This week, we’re featuring six recipes/ideas from the Blue Kitchen archives for entertaining, celebrating and just feeling festive.
The holidays are upon us. Time for parties, family get-togethers, intimate dinners and even being indulgent on your own. Food—and drink—play a big part in all of it. Let’s start with something to drink.
Budget bubbly from Spain
The French may own the term champagne (seriously, they own it—only a loophole slipped into the Treaty of Versailles, marking the end of World War I, allows California to share the term), but they haven’t cornered the market on the festiveness that is sparkling wine. Since 1872, Spain has produced amazing sparkling wines using the “traditional method”—another legal workaround—called cava, for the cool cellars in which they are fermented. They are generally less costly than their French counterparts and wonderfully drinkable. You’ll find a few of our favorites here. Okay, this isn’t a recipe, but it’s a pretty good idea.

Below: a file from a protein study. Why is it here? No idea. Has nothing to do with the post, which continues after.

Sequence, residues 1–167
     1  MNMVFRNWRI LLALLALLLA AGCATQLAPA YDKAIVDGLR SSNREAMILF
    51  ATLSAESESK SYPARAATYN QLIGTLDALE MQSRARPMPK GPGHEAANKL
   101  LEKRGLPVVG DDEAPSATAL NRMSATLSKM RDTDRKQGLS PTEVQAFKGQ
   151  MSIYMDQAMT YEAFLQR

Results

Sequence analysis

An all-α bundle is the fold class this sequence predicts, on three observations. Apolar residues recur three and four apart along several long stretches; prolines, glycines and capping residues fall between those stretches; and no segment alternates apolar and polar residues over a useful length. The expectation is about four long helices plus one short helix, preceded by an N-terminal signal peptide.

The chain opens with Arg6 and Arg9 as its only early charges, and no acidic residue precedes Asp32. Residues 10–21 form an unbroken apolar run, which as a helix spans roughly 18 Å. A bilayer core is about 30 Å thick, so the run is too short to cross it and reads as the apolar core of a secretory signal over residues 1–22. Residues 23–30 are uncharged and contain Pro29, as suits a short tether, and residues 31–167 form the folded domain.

Up your bubbly game: classic French 75 cocktail
Want something a little fancier than just popping a cork? This classic, easy-to-make cocktail is made with gin, champagne, triple sec and lemon juice. You’ll find the recipe and the entertaining story behind its artillery-based name here.
Not exactly foie: Faux Gras Pâté
No, it’s not foie gras, but duck fat added to the butter hints at foie gras’ silky richness in chicken liver pâté. Perfect for the buffet table or as an elegant first course, this luxurious dish is definitely company good—maybe even restaurant good. If you can’t find duck fat, all butter works too.
How the Japanese do bar bites: Blistered Shishito Peppers
Here’s another appetizer—or a delicious addition to a small plates meal. Just four simple ingredients and you eat it with your hands. You can find them at Trader Joe’s, but Marion grew our shishitos in our garden this year. Here’s the recipe.
A tangy twist on cheesecake: Chevre Cheesecake with Hazelnut Crust and Fruit Compote
No, we didn’t forget dessert. Marion makes this cheesecake with mild goat cheese and lemon juice to give it a tangy flavor note. The hazelnut adds a rich, nutty crunch, and the fruit compote a lively tart finish.
Two holidays, one perfect loaf: Chocolate-filled Challah
This year, Hanukkah begins on Christmas Eve. And how better to celebrate both holidays than with this beautiful, traditional Jewish braided bread flavored with semi-sweet chocolate and brown sugar to create an almost dessertlike loaf. In the highly unlikely event there are leftovers, they will make amazing French toast the next morning.